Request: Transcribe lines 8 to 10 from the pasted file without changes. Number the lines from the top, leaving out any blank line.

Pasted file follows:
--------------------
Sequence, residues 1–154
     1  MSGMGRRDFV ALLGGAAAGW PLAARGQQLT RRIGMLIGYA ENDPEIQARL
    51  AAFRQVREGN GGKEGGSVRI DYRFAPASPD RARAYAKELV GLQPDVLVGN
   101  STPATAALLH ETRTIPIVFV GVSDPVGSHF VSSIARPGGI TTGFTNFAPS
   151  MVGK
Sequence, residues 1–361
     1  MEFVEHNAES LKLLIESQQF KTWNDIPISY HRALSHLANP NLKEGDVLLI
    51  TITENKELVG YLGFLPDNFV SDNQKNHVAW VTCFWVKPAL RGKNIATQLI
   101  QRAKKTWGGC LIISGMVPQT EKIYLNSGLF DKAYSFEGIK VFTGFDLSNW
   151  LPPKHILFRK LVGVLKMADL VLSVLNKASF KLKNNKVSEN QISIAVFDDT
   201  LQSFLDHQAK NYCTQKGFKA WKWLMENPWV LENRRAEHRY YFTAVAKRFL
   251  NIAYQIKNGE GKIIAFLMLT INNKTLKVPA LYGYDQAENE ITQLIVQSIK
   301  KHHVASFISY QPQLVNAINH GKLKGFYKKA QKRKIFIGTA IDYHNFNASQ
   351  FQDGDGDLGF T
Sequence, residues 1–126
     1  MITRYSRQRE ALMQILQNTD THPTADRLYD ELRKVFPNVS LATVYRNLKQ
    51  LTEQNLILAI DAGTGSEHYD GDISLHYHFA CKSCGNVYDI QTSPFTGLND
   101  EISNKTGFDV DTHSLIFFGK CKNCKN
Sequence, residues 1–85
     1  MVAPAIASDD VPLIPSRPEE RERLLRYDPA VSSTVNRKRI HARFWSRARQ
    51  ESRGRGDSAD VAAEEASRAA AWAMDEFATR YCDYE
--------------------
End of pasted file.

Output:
    51  TITENKELVG YLGFLPDNFV SDNQKNHVAW VTCFWVKPAL RGKNIATQLI
   101  QRAKKTWGGC LIISGMVPQT EKIYLNSGLF DKAYSFEGIK VFTGFDLSNW
   151  LPPKHILFRK LVGVLKMADL VLSVLNKASF KLKNNKVSEN QISIAVFDDT